CINCINNATI (AP) — Lauren committed to us on Oct. 1 of 2013. About 49 or 50 days later, she found out she had this tumor. That’s when I came into her life, but actually I like to say she came into mine.
At the time, I said we’ve got to reach out to this girl. She’s committed to us. She chose us. I didn’t know what the NCAA would allow us to do, but I was going to do something. That’s kind of when our relationship developed.
We had her in here as a high school senior to watch a game or two. At the second game, we gave her a blanket that the admissions department bought and we signed it. We went to present it to her. Each player went up and shook her hand, and her mom and dad and her brother and sister were with her. And I don’t know why I was last, but I was last. I reached out to shake her hand and she refused and just grabbed me and gave me a hug.
She’s made an impact on me, she really has. I’ve gone through some personal things and I’ve thought to myself, “How tough can life be when you watch a young player going through what she’s going through?” She knows what the end result’s going to be. She knows it’s terminal. Yet she’s plugging along every day. She’s facing it head-on — typical Lauren.
We’ve had a few tears. As a coach, it makes it very tough. As a parent, it makes it even tougher. You think you can protect them all the time. That’s kind of what a coach does. You teach them life lessons, and here I am getting life lessons from this young lady.
What I’ll never forget about the game at the Cintas Center is the way they made something remarkable happen for one afternoon that meant the world to somebody. The execution of the first play will stick with me, the many practices of what we called Lauren’s layup. That was her play. For her to go out and make it on the first attempt was amazing. I watch it by myself all the time and I go crazy.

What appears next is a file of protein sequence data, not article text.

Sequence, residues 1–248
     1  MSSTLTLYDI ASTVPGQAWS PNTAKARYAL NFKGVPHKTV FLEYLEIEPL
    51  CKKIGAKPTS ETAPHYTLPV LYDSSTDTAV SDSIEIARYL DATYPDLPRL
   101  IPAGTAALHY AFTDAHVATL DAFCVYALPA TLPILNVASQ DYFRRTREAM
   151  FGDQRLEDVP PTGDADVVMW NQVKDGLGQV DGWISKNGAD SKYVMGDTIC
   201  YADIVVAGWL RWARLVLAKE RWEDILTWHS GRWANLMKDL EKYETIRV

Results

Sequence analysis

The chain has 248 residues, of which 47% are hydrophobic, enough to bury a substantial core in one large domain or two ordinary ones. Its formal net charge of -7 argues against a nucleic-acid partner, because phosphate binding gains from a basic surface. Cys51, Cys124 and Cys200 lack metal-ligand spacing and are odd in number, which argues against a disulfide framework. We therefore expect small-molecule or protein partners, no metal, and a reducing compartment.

Her initial diagnosis was that she would make it to December, around Christmas time, which is why I went ahead and got the first game moved up. But that’s Lauren. She’s not going to let it beat her. She beat the first deadline, and now she’s just going to keep fighting.
I describe it as bittersweet. Watching her go through the journey has been tough, knowing that she’s getting weaker, knowing that she needs us even more now.
In my mind, there’s no doubt that God put me in her life and her in my life for a reason. I’m just thankful that I’ve gotten to play a small part in helping her do such a big thing for the future of DIPG (Diffuse Intrinsic Pontine Glioma) research. I keep thinking I’ve got to be there for her and her mission, which is carrying on the research to find a cure.
She’s made an impact on the world, more so than me — more than I ever will do. I wish everybody could meet her. She’s so genuine. I’ve gotten so many emails and phone calls from all over the world. People are contacting me because they want to share her story.
Why has her story caught on? I think it’s her spirit, her personality. You’ve got to be around her. I keep telling people that once you get around her, you’ll know what I mean. It’s hard to describe, but it’s a spirit of never giving up.
When she walks into a room, the room lights up. And that happened even before it went public and she got all the attention. Also, she’s unselfish and caring about everybody else. She’s worried about her family, about these young kids who are not going to get the chance to grow up and do what she did playing basketball or soccer or whatever it is because of DIPG.
I don’t think anybody else could have handled this. And she’s done it so gracefully and she’s so amazing. I don’t know what her pain level is or how much she’s suffering, but the girl smiles every time she gets a chance. That’s what she’s done every day. That’s what she’s done since day one.
She’s been our rock since day one, when we got to know the situation. It’s very tough to see the changes in her. It’s very tough to know you can’t do anything about it. Now it’s time for my team to become her rock.
So we’re going to deal with it as Lauren will deal with it: Day by day, moment by moment.
Dan Benjamin is the women’s basketball coach at Mount St. Joseph, where Lauren Hill played the past season while fighting a cancerous brain tumor. Hill died Friday, the co-founder of her nonprofit foundation said. The NCAA granted permission to move up the school’s first game because of her worsening condition and she made a layup for the first basket of the game. She has helped raise more than $1.5 million for cancer treatment and research. This column is Benjamin’s words as told to AP sports writer Joe Kay.
EDITOR’S NOTE: Mount St. Joseph women’s basketball coach Dan Benjamin shares his thoughts about his time with Lauren Hill, a 19-year-old freshman who was diagnosed with an inoperable brain tumor before joining the team and made two layups in her first game at Xavier’s Cintas Center. Hill died Friday, the co-founder of her nonprofit foundation said. In this exclusive AP column, Benjamin shares his thoughts and experiences with AP sports writer Joe Kay.
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